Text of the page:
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Seven Mega-Trends Shaping Modern Logistics

Growth in the 3PL Marketplace is back. In this article we highlight seven trends that show the industry is poised for more expansion and will likely yield significant benefits for logisticians engaged in global practices.

By Benjamin Gordon

First and foremost, growth is back – the 3PL market is up 6%, to an estimated $80 billion. The industry is achieving record profits. For instance, UTi in the last quarter saw gross revenues up 50%, net revenues up 29%, and profits up over 50%. The stock market reflects this renewed vigor. For the last 12 months, the S&P is up 14%, and the DJ Transports are up 17%. In contrast, the basket of logistics companies is up 84%! Highlights include Hub Group, which is up 280%; Target, up 74%; TLC, up 85% (and fueled by a name change from C2 to Total Logistics Corporation). Eagle Global Logistics is up 57%, and Expeditors is up 33%. Clearly the market believes these companies are poised for future growth.

What is driving this growth and opportunity in the 3PL marketplace? In addition to the continued expansion of logistics outsourcing, I would like to highlight seven mega-trends in particular.

1. Lean logistics: continued reduction in inventory levels
One key metric of logistics efficiency is the inventory/sales ratio, which measures the level of inventory companies require to support their annual revenues. Last year, the U.S. inventory/sales ratio fell to a record low of 1.38. This year, the number has dropped even further, down to 1.32!

Over the longer term, logistics spend as a percentage of GDP has dropped even more significantly. In 1981, this metric stood at 16.2%. Today, it has fallen nearly 50%, down to 8.5%. Over the same time period, inventory carrying costs have dropped 60%, versus a 20% decrease in transportation costs. The key driver has been the reduction in inventory levels.

Who are the 3PL beneficiaries of this mega-trend? Those companies that help their customers to operate with lower warehousing, inventory, and supply chain systems costs are all emerging as big winners. For instance, KN Lead Logistics won the Nortel outsourcing contract by promising major reductions in the cash-to-cash cycle and other balance sheet improvements. Similarly, Unicity has delivered significant value for companies like Maytag by developing and executing supply chain strategies to reduce the number of warehousing locations for Fortune 500 companies in Canada. These “lean logistics” leaders will continue to drive supply chain value for their customers.

2. New technologies – RFID is finally happening
The conventional wisdom about logistics technology falls into one of two camps: it’s revolutionary or it’s over-hyped. The reality is that moderate adoption is indeed happening. The U.S. Defense Department has been using RFID since 1991, with the first Gulf War. I just returned from Kuwait, and saw one of the warehouses where RFID is being used for military logistics. This new technology is indeed being deployed.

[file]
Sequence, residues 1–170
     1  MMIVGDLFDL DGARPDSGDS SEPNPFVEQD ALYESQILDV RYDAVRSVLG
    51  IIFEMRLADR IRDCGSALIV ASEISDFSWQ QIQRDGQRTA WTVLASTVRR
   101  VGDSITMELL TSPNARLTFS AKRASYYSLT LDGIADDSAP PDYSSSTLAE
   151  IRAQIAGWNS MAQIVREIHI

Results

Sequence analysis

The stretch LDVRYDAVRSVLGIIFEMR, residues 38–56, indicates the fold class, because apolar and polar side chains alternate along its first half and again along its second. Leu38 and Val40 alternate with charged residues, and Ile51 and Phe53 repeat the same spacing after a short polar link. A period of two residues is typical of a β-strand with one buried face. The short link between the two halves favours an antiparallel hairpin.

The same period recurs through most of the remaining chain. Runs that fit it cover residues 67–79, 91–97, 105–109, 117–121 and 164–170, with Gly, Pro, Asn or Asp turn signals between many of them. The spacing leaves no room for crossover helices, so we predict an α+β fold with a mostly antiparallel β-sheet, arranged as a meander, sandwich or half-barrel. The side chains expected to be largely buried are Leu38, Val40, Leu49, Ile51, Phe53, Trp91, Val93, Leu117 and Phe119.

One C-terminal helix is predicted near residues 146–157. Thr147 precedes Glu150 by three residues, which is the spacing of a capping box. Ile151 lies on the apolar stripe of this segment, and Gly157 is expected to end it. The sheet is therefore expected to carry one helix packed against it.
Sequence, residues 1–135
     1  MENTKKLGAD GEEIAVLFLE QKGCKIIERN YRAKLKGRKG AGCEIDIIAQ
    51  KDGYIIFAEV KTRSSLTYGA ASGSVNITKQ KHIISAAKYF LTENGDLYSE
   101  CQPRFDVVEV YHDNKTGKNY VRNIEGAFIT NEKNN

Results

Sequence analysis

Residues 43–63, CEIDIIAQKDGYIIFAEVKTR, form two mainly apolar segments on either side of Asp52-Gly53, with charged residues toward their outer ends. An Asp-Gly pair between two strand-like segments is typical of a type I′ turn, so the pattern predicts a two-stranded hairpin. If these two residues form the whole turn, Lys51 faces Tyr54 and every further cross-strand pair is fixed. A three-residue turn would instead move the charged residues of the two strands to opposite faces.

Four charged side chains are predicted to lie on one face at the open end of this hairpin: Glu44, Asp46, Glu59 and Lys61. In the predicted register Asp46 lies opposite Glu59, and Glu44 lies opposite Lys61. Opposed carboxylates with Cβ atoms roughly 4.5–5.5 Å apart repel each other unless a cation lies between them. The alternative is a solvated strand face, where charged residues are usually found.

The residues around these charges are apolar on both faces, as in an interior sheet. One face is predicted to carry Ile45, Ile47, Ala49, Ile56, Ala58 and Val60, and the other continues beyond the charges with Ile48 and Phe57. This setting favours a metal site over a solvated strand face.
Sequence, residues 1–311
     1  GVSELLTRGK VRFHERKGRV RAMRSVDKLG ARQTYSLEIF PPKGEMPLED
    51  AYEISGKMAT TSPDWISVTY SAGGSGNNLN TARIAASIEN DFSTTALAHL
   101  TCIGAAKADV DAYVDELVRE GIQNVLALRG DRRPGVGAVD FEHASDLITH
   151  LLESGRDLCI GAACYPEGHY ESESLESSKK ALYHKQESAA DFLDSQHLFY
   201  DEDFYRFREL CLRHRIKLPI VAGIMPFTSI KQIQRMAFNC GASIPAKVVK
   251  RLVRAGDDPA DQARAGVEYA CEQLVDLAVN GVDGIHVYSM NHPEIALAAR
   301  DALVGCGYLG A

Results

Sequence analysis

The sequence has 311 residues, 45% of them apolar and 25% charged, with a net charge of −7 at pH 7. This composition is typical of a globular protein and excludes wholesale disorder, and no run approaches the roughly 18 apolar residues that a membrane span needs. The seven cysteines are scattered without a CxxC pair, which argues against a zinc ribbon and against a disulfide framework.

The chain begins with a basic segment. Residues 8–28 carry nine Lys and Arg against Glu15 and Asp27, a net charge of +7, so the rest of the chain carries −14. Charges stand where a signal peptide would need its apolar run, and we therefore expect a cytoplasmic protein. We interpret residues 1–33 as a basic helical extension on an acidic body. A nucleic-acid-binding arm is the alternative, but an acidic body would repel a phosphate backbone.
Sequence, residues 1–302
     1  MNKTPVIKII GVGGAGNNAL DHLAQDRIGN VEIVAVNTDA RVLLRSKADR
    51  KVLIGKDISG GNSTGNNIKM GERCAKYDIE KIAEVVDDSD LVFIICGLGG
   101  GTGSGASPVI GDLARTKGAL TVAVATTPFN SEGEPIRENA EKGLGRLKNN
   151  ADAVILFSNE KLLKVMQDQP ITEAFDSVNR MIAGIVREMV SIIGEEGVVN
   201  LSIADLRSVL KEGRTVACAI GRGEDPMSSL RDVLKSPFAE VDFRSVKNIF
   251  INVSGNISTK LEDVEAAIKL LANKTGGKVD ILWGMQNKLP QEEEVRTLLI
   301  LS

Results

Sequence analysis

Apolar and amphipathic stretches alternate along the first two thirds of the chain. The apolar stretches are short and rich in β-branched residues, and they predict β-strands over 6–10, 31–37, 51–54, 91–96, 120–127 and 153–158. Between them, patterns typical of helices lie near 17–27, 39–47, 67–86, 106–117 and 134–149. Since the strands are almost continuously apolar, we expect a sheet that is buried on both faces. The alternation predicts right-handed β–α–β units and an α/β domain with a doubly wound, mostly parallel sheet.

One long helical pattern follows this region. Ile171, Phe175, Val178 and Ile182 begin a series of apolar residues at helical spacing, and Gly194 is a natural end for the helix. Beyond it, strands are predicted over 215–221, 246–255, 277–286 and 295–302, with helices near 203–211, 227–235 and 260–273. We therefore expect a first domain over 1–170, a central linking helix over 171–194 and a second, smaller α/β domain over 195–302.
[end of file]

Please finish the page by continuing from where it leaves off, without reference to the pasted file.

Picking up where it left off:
In the past year, several initiatives have come to fruition. Just last June, Wal-Mart announced the top-100 mandate for January 2005, followed by full adoption for Wal-Mart’s 10,000 and the Defense Department’s 43,000 suppliers. Today, Wal-Mart has successfully launched an April pilot project, with eight major suppliers and one Texas distribution center serving seven stores. Meanwhile, leading supply chain software provider Manhattan Associates generated 4% of its last quarter’s sales from RFID, based on five new customers. With a sales pipeline of 50 prospects for its RFID applications, Manhattan Associates expects to see significant growth in this category.

Innovative 3PLs are leading the way. 3PL pilot projects have emerged in several areas – DHL for Metro in Germany, Exel for the House of Fraser in UK and China, and Trenstar for Coors. While it is undoubtedly true that format wars will complicate adoption – e.g. ambiguity between class 0, class 1, and Gen 2 – there is no question that RFID is happening, and will open doors for smart 3PLs.

3. China – growing at least 10% annually and revolutionizing global logistics
The explosion in the Chinese manufacturing market has major implications for the global logistics arena. As China grows some 10% annually – official estimates are slightly lower, but construction in Shanghai alone is up 40% over last year – the ripple effects are being felt worldwide. Chinese exports are up 35% annually, and imports are up 40%. As a result, cargo volumes for the Asia-California shipping lanes have risen 8%. However, due to a shortage of capacity, ocean rates have soared by over 40%. This impact is being felt more dramatically in certain sectors. For instance, steel mill spending tripled in the last year! As a consequence, China now consumes 30% of the market.

The China phenomenon will have massive implications for 3PLs who are focused on manufacturing and industrial sectors. Already, most 3PLs are scrambling to ensure a major foothold in this market, either through acquisitions, start-ups, or joint ventures. This pressure will only increase in the coming years.

4. NAFTA – another high-growth market, closer to home